Tolerance, Acceptance, Understanding
...And how they differ in everyday life and in research.
Posted February 25, 2014 | Reviewed by Davia Sills
Many of my blog columns aim at clarifying concepts or shedding new light on them. For example, I have posted dozens of pieces on the race concept, aimed at disentangling biology from culture (e.g., "What Race Is George Zimmerman?"); and my book, The Myth of Race, discusses the race concept from multiple perspectives.
Occasionally, I also compare concepts related to each other—for example, envy and jealousy—for the insights that result. That is what I would like to do here, by considering tolerance and acceptance and then thinking about them in relation to understanding.
Let’s begin with some abbreviated Wikipedia definitions:
Tolerance is a fair, objective, and permissive attitude toward those whose opinions, practices, race, religion, nationality, etc., differ from one's own; freedom from bigotry.
Acceptance in human psychology is a person's assent to the reality of a situation, recognizing a process or condition (often a negative or uncomfortable situation) without attempting to change it, protest, or exit.
Tolerance is a virtue. It is a version of the golden rule in that, insofar as we want others to treat us decently, we need to treat them decently as well. It is also a pragmatic formula for the functioning of society, as we can see in the omnipresent wars between different religions, political ideologies, nationalities, ethnic groups, and other us-versus-them divisions. It is a basis for the First Amendment protections that enabled the United States to avoid the religious strife that plagued Europe for centuries. (And it is a reason to be skeptical of slogans such as “Zero Tolerance.”)
Acceptance goes a step beyond tolerance. If a sign of tolerance is a feeling of “I can live with X (behavior, religion, race, culture, etc.),” then acceptance moves beyond that in the direction of “X is OK.” You can tolerate something without accepting it, but you cannot accept something without tolerating it. For example, when a son or daughter tells a parent about an unwelcome career choice, marital partner, or sexual identity, he or she wants that information not just to be tolerated, but to be accepted.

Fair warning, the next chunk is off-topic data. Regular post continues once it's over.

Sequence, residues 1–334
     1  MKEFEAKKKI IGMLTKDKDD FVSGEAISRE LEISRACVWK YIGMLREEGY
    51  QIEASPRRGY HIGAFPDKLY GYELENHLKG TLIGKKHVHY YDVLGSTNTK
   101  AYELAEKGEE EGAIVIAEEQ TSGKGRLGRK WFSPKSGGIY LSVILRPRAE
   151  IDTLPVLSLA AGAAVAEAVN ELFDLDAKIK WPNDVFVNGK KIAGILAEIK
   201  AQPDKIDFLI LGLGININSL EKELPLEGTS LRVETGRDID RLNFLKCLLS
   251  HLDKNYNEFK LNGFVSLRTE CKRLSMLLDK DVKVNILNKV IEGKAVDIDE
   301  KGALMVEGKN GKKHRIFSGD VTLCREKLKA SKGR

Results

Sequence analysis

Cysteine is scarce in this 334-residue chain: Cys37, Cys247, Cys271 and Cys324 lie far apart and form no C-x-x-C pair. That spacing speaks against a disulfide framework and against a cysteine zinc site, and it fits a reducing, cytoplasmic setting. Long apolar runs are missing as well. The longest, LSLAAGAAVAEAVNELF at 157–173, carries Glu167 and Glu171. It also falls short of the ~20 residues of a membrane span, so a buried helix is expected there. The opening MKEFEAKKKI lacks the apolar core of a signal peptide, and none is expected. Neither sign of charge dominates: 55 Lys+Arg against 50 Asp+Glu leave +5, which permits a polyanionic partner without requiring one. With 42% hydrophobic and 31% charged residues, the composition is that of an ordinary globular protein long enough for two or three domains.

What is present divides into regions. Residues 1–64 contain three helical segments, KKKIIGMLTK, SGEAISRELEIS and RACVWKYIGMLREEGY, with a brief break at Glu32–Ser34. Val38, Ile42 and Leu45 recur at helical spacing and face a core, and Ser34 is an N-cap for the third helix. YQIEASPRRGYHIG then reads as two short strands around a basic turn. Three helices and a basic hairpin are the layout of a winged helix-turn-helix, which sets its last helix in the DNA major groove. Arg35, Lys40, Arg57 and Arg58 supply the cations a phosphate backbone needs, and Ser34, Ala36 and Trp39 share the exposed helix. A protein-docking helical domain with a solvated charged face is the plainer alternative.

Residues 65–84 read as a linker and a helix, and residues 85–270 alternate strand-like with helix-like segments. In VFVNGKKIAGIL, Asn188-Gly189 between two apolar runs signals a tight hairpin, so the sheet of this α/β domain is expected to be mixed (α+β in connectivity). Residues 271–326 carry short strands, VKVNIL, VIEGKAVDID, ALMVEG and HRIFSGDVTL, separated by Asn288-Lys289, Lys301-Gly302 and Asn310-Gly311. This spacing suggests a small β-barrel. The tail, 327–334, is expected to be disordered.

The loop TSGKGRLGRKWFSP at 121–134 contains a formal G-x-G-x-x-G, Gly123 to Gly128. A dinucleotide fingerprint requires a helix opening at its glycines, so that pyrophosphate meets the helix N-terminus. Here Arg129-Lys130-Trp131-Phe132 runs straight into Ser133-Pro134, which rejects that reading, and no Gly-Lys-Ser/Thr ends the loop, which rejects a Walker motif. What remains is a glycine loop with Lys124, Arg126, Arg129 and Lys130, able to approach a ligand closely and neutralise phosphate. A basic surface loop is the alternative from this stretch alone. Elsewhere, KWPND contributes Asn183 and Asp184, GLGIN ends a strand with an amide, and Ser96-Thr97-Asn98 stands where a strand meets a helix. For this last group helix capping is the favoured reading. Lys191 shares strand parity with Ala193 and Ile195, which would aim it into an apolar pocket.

Moving beyond tolerance and acceptance, we come to a third concept: understanding. Here is Wikipedia’s shortened definition:
Understanding is a psychological process related to an abstract or physical object, such as a person, situation, or message, whereby one is able to think about it and use concepts to deal adequately with that object.
Here is the problem. It is possible to tolerate or accept someone without understanding him or her, and the same goes for tolerating or accepting a different culture. And the converse is also true. It is possible to understand a culture or a person without acceptance, or even tolerance—think, for example, of undercover spies.
It is good to know that some people are impressively free from prejudice against those with whom they have had little or no contact (or even abstract knowledge), as part of a live-and-let-live attitude toward life.
Tolerance and/or acceptance are desirable, but they are not a substitute for understanding. They are relevant for getting along with others in the world (though understanding helps), but understanding is essential for the social and behavioral sciences
This latter point may seem obvious, but it is not universally recognized in cross-cultural research. Some studies are done in the following manner:
1. An English-language personality test developed in the United States is translated into several languages.
2. The test is given to people (usually college students) in a variety of countries and languages.
3. The results are interpreted as showing specific average personality differences among cultures.
The problem with such research is that there is no research on the test in many or all of the countries studied, and there is no way of knowing whether the personality dimensions measured even exist in those cultures. For example, one could develop a test of “Americanism” and get the results for 20 countries. This would allow researchers to rank cultures on that variable, even though it is irrelevant to their existence.
I remember visiting China a number of years ago when a psychology professor there discussed his research on the “Big Five” personality dimensions (openness-to-experience, conscientiousness, extraversion, agreeableness, and neuroticism—OCEAN). Many American psychologists believe that these are fundamental dimensions of personality. Yet my Chinese colleague said that his research had not found a dimension of openness, but had found a dimension of face-saving. So we can see that scores of Americans on the dimension of face-saving would be as culturally meaningless in the United States as scores of Chinese on openness-to-experience are in China.
It is good that some researchers are tolerant and accepting of other cultures, but these positive attitudes do not provide a shortcut to understanding the cultures that they include in their research.